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10 Essential Tips To Finish What You Start

10 Essential Tips To Finish What You Start

For the full original unedited article, visit Celestine’s blog, Personal Excellence.

Do you have a habit of starting projects, but not finishing them?

If so, you are not alone. Many people have a habit of starting projects but not finishing them, which is a very bad practice.

Completing a project successfully takes proper planning and conscious action. If you have ever embarked on a project, you’d know that every goal/project comes with its own set of challenges which are not visible when you first start.

Personally, I embark on many projects in the course of running my business and pursuing my personal goals, and I have a good body of experience on how to successfully take projects from start to completion. Here are my 10 best tips on how to finish the projects you start:

1. Be selective in what you embark on

When you start on a project (especially a large scale one), make sure it is something you are passionate about and you want to see through.

I have embarked on things which I was half-interested in in the past, for example learning tennis or learning Japanese. Eventually I stopped them mid-way. This resulted in waste of time and resources which could have been better utilized elsewhere. Because of that, I’m more conscious of how I utilize my time and energy today.

If you set a high threshold on what you want to do, the completion rate is also higher. If you aren’t sure that this is something you really want to do, dip your feet into the pool first – try it out on a small scale and see if it’s what you’re interested in.

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2. Estimate the resources you need

In companies they do resource planning, where they estimate how much resources is needed for a project. After which, they plan out the manpower and investment accordingly. For us, that means doing a quick plan on how much time and effort this idea will take, so we can have a bird’s eye view.

It doesn’t have to be exhaustive. Just a quick outline will help. The point is to have something that guides you.

3. Budget your time and energy accordingly

After you create your outline, you should have a realistic idea of how much time and effort is needed to complete it. Plan out your time and resources accordingly and integrate them into your schedule/to-do list. Block out time in your calendar for the project. Give yourself some buffer as well, in case of contingencies.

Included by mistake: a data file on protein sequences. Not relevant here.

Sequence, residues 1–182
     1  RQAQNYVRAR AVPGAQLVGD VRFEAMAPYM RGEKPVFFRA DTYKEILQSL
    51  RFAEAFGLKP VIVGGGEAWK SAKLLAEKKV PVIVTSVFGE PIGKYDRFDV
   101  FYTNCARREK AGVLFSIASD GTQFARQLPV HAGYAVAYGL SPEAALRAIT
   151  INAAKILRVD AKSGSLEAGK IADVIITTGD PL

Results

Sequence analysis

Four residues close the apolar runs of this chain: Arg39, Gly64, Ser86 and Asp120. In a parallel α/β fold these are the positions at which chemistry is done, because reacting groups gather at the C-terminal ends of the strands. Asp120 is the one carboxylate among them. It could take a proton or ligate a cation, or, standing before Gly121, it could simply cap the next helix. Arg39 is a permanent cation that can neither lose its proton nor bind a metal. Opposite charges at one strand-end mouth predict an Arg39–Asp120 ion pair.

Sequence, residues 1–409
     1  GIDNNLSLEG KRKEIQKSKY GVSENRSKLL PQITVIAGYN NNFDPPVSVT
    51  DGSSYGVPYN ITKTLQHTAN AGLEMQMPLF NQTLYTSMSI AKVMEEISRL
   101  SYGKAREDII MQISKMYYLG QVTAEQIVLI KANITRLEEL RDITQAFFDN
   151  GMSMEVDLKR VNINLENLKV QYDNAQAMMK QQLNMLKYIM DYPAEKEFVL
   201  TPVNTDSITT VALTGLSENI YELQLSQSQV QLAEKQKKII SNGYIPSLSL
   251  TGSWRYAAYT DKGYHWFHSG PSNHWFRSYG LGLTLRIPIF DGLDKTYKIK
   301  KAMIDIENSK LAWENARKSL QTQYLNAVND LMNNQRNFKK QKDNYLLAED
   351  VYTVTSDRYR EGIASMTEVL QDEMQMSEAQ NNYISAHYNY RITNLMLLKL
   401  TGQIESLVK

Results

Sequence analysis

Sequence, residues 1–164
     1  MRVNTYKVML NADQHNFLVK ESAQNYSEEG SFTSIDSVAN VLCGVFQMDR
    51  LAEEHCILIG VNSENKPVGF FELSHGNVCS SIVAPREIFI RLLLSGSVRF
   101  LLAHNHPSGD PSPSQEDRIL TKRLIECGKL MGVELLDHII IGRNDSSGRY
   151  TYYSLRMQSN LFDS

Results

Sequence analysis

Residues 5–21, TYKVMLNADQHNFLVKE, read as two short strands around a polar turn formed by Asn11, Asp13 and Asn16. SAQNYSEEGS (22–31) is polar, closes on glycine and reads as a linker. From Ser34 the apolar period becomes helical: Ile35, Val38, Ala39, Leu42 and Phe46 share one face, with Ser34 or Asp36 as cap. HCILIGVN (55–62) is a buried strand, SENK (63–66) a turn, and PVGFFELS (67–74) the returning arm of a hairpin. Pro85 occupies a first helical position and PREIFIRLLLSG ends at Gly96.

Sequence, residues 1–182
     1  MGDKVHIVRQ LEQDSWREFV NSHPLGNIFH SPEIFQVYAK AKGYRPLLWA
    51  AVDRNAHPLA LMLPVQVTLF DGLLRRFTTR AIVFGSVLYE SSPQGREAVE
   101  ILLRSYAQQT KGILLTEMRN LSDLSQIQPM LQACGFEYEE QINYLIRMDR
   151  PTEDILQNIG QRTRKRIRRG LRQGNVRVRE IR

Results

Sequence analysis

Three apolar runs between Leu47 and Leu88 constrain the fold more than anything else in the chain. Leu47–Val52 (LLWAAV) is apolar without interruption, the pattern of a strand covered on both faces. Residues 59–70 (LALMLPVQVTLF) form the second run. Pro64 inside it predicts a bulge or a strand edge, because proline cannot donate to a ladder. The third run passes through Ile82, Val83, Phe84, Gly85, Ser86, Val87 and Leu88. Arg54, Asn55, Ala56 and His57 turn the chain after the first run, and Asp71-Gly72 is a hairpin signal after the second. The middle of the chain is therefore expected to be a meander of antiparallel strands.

A big reason for loss of enthusiasm or energy is when people underestimate the amount of work needed to bring the goal to life. Good planning of resources help you plan out your energy and expectations. You know you have to put in X hours and X work to get the final output, so you’ll manage yourself appropriately to achieve your desired outcome. This’ll lead to a higher project success rate.

4. Quit being a perfectionist

How many of us keep delaying work because we want to get it just right? I’m all for perfectionism and getting the best output, but if your desire for perfectionism is preventing you from getting things done, I think it’s good to challenge it.

Try these two tips: First, break the task into many little steps, then focus on one part at the time. If you still put it off after breaking it down, then break it down even further into mini pieces. Soon, you’ll be left with such a simple task that you’ll be wondering what was keeping you from doing it from before!

The second tip is to give yourself the permission to do a draft version. Meaning, there’s no need to get it done right the first time. Creating a draft, even if it’s a crappy one, is better than if you didn’t do anything at all. Get started and things will roll on from there.

Read: Why Being A Perfectionist May Not Be So Perfect

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5. Commit to it

Once you start, commit to it. Whatever you have planned, do them. Give yourself the option to exit a project if it’s really not in line with your vision (see #9), but otherwise hold yourself to your word.

A while back I was overseas in Hong Kong for a conference. While I was there, my friends asked me if I wanted to go sightseeing during the weekday evenings and weekends. I rejected the offer because I was working on an e-course program on my site and the project was falling behind my personal timeline. Finishing the book was about my commitment to myself and also to my readers out there who would truly benefit from it. Sightseeing was something I could always do in a separate time – it was not big of a deal.